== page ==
A Quick History of State of the Union Rebuttals

Notable First Responders
1985 Gov. Bill Clinton, Ark . (D em .)
After President Ronald Reagan's 1984 landslide win, Democrats tapped the young governor to narrate an upbeat video trumpeting Democratic successes and accuse Reagan of being out of touch. Clinton, the epitome of the "new Democrat," was at his folksy best, pausing at one point to wish Reagan a happy birthday.

1997 Rep . J. C. W atts , O kla . ( Rep .)
With Clinton entering his second term in the White House and eager to put his stamp on welfare reform, the GOP sent out the sole African-American Republican in Congress. Watts's rebuttal stuck to traditional party themes, emphasizing personal responsibility over government assistance, but it was overshadowed by a Washington Post story earlier that day reporting that he called two civil-rights leaders "race-hustling poverty pimps."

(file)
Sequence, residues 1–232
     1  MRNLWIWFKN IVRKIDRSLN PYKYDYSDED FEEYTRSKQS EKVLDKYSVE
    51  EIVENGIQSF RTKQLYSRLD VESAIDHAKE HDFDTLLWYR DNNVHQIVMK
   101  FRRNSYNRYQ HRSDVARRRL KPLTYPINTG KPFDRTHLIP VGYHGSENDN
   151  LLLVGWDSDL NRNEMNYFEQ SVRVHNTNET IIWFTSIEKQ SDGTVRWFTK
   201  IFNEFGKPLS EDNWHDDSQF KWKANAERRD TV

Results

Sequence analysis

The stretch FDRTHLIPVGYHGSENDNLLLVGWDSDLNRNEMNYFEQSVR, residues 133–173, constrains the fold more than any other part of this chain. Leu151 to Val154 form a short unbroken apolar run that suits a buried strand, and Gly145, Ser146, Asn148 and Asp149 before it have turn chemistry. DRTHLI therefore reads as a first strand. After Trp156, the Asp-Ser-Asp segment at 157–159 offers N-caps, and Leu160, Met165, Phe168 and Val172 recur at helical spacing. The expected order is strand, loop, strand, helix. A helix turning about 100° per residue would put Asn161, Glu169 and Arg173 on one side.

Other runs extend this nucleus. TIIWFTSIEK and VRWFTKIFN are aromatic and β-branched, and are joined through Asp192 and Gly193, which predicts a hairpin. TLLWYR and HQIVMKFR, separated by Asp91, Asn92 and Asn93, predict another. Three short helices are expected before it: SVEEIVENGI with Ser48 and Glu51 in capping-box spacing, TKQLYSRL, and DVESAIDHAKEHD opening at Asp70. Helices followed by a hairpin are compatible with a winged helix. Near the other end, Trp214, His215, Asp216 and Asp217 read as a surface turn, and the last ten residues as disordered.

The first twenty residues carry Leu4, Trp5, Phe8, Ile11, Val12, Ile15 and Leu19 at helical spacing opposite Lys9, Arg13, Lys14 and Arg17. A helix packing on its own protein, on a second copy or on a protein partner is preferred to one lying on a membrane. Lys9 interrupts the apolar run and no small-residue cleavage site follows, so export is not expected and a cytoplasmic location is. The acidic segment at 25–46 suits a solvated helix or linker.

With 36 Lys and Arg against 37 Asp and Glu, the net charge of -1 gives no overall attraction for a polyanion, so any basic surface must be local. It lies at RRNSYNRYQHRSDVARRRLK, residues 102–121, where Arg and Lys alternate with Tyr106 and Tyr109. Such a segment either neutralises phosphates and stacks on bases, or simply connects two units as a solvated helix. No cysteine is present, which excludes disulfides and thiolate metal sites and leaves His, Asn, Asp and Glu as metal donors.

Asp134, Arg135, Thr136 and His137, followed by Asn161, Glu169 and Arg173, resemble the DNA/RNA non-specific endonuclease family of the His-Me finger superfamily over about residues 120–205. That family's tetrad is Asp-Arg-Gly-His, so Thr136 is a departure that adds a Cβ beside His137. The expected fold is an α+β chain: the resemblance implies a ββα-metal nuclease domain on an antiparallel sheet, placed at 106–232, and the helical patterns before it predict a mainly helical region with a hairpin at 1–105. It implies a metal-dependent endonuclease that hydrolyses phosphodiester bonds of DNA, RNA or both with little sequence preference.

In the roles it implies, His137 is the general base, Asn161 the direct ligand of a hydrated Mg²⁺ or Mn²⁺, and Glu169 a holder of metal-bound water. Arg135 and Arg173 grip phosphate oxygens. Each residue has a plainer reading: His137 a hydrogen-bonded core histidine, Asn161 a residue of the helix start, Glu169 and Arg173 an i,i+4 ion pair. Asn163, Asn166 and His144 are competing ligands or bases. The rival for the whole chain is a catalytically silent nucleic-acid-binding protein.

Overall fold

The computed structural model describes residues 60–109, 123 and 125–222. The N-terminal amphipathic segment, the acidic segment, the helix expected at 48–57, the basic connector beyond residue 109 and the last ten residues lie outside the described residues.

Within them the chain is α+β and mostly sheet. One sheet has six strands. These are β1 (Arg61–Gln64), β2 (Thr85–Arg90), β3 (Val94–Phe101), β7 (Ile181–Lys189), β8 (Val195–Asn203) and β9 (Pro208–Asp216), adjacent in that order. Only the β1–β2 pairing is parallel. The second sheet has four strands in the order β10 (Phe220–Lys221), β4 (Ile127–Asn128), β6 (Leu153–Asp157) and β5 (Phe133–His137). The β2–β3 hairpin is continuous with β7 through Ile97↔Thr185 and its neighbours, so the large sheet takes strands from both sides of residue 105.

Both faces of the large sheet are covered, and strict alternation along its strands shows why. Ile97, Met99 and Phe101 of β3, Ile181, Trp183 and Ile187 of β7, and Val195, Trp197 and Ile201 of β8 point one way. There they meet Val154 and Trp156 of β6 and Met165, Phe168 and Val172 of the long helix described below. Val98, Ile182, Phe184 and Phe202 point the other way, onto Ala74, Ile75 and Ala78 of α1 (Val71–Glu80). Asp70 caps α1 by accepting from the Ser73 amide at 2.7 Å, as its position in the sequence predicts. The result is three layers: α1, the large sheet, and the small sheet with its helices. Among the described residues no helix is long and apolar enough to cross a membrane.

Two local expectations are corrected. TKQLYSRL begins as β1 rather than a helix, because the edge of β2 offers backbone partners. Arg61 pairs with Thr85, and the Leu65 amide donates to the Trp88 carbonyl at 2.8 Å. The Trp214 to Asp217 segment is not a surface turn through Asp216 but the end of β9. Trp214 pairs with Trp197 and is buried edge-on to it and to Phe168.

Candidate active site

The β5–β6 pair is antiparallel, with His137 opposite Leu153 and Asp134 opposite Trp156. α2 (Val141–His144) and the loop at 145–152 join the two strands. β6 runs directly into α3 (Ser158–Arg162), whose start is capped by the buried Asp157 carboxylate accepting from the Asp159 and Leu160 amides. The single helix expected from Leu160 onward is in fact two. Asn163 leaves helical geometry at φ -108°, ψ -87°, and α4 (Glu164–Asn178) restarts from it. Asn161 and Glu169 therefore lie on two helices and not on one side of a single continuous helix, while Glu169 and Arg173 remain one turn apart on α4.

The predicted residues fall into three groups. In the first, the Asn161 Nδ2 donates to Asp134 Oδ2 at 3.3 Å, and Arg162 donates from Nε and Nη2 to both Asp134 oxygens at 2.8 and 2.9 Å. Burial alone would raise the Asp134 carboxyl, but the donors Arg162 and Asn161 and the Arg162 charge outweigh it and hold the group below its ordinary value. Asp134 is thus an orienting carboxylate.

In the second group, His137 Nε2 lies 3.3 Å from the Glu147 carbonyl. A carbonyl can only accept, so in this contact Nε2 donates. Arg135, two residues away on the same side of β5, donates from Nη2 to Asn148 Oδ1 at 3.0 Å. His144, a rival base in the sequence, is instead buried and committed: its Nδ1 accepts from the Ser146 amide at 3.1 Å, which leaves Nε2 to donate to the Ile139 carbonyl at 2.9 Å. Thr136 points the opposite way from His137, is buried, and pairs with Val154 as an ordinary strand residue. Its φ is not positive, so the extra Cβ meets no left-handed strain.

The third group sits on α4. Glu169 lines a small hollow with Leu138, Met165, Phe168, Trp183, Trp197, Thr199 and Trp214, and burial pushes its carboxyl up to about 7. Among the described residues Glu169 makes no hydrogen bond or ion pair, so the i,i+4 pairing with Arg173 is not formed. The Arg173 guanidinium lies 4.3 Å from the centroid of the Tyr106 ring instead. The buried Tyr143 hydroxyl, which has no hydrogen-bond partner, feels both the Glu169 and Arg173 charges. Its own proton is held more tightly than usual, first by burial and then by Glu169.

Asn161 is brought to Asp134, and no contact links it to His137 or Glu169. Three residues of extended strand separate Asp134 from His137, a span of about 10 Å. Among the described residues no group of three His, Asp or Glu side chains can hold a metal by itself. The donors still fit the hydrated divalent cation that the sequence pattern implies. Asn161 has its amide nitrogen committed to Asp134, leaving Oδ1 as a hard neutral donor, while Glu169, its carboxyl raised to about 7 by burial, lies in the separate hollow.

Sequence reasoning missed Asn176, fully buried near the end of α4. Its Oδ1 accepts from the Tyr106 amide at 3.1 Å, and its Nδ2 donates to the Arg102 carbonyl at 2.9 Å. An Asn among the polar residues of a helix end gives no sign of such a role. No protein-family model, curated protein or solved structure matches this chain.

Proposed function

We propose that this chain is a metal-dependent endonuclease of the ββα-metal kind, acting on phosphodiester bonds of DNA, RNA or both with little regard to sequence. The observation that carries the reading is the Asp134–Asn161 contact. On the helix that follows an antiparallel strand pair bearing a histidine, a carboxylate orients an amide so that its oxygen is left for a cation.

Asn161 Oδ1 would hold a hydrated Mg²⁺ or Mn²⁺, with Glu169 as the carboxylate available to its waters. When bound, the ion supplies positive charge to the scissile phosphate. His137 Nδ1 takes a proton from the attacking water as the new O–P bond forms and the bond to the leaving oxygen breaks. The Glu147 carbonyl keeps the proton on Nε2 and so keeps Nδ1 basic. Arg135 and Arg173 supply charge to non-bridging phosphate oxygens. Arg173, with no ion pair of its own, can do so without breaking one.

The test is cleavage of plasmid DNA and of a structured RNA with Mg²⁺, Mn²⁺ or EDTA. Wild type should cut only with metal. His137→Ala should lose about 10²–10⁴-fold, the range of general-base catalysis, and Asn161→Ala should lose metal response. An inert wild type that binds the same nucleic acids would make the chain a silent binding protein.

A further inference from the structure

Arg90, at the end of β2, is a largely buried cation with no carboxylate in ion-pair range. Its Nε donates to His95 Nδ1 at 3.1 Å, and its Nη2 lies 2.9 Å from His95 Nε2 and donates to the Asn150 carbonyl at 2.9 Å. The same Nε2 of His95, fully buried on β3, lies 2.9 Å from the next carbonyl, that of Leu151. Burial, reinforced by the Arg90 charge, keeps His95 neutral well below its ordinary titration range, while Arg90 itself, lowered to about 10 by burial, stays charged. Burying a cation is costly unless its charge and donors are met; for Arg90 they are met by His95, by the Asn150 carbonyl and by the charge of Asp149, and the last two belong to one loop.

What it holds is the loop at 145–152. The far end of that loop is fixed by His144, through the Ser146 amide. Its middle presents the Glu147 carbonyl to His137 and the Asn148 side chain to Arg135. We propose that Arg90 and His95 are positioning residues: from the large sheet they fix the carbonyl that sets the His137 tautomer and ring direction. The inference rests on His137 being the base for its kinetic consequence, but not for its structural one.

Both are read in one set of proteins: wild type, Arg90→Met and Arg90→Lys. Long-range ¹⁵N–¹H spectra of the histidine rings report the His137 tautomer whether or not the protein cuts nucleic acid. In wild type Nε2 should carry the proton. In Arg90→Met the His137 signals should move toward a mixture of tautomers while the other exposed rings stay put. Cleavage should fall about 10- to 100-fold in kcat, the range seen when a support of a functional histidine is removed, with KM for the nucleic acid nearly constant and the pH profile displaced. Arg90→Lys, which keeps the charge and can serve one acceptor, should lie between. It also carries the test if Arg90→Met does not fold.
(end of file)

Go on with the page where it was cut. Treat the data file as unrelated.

2006 Gov. Tim Kaine, Va. (Dem.)
Congressional Democratic leaders knew they'd made a mistake as soon as they picked Kaine, according to political analyst Larry Sabato. "They were second-guessing it right away," he says, adding that Kaine "wasn't the powerhouse they needed in an election year." They were right: one wag called him "awkward, stilted and mechanical."

2008 Gov. Kathleen Sebelius, Kans. (Dem.)
From the comfort of her Topeka living room, Sebelius tried to chart a nonpartisan course, terming her speech "an American response." Her delivery was bland and unmemorable, but she still got considered for Obama's veep slot.

2009 Gov. Bobby Jindal, La. (Rep.)
"Insane." "Amateurish." "A disaster." And that's just how Jindal's fellow conservatives described his speech. Much was expected of the 38-year-old Rhodes scholar; instead, his 12-minute response became an overnight joke. Jindal also hurt himself with a dig at federal spending for volcano-eruption monitoring—an odd thing to say considering what Hurricane Katrina did to his home state.